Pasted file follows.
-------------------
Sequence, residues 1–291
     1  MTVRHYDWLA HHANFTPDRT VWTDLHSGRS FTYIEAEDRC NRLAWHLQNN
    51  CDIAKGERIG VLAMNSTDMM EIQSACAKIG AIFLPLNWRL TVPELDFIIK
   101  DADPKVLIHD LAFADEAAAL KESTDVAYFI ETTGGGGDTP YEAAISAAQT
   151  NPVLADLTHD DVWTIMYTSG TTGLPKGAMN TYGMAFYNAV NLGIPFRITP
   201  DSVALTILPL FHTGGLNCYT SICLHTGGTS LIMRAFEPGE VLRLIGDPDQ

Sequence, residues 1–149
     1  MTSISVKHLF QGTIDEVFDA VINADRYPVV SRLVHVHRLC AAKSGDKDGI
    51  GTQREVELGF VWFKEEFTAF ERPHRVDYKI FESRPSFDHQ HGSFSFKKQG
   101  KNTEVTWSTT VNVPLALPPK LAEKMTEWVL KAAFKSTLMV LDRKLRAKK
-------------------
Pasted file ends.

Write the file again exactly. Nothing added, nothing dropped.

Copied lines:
Sequence, residues 1–291
     1  MTVRHYDWLA HHANFTPDRT VWTDLHSGRS FTYIEAEDRC NRLAWHLQNN
    51  CDIAKGERIG VLAMNSTDMM EIQSACAKIG AIFLPLNWRL TVPELDFIIK
   101  DADPKVLIHD LAFADEAAAL KESTDVAYFI ETTGGGGDTP YEAAISAAQT
   151  NPVLADLTHD DVWTIMYTSG TTGLPKGAMN TYGMAFYNAV NLGIPFRITP
   201  DSVALTILPL FHTGGLNCYT SICLHTGGTS LIMRAFEPGE VLRLIGDPDQ

Sequence, residues 1–149
     1  MTSISVKHLF QGTIDEVFDA VINADRYPVV SRLVHVHRLC AAKSGDKDGI
    51  GTQREVELGF VWFKEEFTAF ERPHRVDYKI FESRPSFDHQ HGSFSFKKQG
   101  KNTEVTWSTT VNVPLALPPK LAEKMTEWVL KAAFKSTLMV LDRKLRAKK